What is Otitis Media?

Otitis media is a condition often seen in children (but can occur in adults) where chronic ear infections lead to fluid build-up in the ear. The condition is commonly known as ‘glue ear’, and can be painful, causing inflammation and sometimes fever.

Most ear infections are either resolved on their own (viral) or are treated with antibiotics (bacterial). Sometimes, repeated ear infections and/or fluid in the middle ear can lead to issues like hearing loss and feeling ‘blocked’, or speech and behaviour problems in children. In cases of recurrent infections, an ear tube (commonly known as grommets) can be inserted by an otolaryngologist (ear, nose, and throat specialist).

Otitis Media
Otitis Media

What are Grommets?

Grommets are tiny cylinder-shaped ear tubes no bigger than a match head that are placed through the eardrum (tympanic membrane) to allow airflow in the middle ear. They may also be called tympanostomy tubes, myringotomy tubes, ventilation tubes or PE (pressure equalization) tubes.

Grommets can be made out of different materials and may have a coating to reduce the possibility of infection. There are two basic types of tubes: short-term and long-term. Short-term tubes are smaller and typically stay in place for six months to a year before falling out on their own. Long-term tubes are larger and have flanges to secure them in place for a longer period of time. Long-term tubes may fall out on their own, but removal by an otolaryngologist may be necessary.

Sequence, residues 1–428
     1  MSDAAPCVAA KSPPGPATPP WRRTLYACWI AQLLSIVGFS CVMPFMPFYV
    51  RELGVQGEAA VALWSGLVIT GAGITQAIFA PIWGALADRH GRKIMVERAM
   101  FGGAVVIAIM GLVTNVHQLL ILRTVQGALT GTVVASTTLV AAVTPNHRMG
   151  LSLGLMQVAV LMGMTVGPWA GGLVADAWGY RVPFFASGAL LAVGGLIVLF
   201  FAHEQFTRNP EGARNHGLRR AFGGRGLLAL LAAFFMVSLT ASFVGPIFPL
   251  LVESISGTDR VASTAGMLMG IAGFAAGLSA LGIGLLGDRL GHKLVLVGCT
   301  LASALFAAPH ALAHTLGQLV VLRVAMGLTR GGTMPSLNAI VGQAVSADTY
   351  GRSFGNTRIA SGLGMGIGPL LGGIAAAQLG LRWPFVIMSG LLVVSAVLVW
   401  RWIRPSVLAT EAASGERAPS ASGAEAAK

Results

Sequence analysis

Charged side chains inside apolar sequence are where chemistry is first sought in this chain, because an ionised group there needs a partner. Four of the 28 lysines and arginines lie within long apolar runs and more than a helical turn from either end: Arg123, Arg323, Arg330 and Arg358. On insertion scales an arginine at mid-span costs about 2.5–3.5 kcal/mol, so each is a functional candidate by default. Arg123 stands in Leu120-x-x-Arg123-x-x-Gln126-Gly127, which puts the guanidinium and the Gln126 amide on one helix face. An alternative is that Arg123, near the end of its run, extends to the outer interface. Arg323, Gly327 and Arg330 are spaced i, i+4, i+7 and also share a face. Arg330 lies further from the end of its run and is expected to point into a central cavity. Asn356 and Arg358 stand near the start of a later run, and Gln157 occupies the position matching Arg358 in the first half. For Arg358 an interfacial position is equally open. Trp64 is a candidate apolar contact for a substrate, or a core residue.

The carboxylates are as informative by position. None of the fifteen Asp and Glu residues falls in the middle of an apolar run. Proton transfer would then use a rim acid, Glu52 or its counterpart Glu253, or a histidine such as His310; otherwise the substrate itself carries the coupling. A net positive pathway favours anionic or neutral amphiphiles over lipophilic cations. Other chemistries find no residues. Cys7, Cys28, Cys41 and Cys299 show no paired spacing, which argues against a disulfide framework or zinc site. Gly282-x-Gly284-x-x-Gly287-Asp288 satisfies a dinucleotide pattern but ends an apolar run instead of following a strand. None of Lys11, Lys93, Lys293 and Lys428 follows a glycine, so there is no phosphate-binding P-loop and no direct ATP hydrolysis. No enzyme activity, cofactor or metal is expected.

Who Needs Grommets and Why?

Grommets are often recommended when a person experiences repeated middle ear infection (acute otitis media) or has hearing loss caused by persistent middle ear fluid (otitis media with effusion). These conditions are common in children, but can also be present in teens and adults. Otitis media can lead to speech and balance problems, hearing loss, or changes in the structure of the eardrum.

Other less common conditions that may warrant placement of grommets are:

  • Malformation of the eardrum or eustachian tube;
  • Down syndrome;
  • Cleft palate; and
  • Barotrauma (injury to the middle ear caused by reduced air pressure, usually seen with altitude changes as in flying and scuba diving).

Each year, more than half a million ear tube surgeries are performed on children, making it the most common childhood surgery performed with anaesthesia. The average age for ear tube insertion is one to three years old.

Inserting grommets may:

  • Reduce the risk of future ear infection;
  • Restore hearing loss caused by middle ear fluid;
  • Improve speech and balance problems; and
  • Improve behaviour and sleep problems caused by chronic ear infections.

How are Grommets Inserted?

Grommets are inserted through a surgical procedure called a myringotomy. This is an outpatient procedure. A myringotomy is an incision (a small hole) in the eardrum or tympanic membrane. This is most often done under a surgical microscope with a small scalpel, but can also be done with a laser. If a tube is not inserted, the hole will heal and close within a few days. To prevent this, an ear tube is placed in the hole to keep it open and allow air to reach the middle ear space for ventilation.

What Happens During Surgery?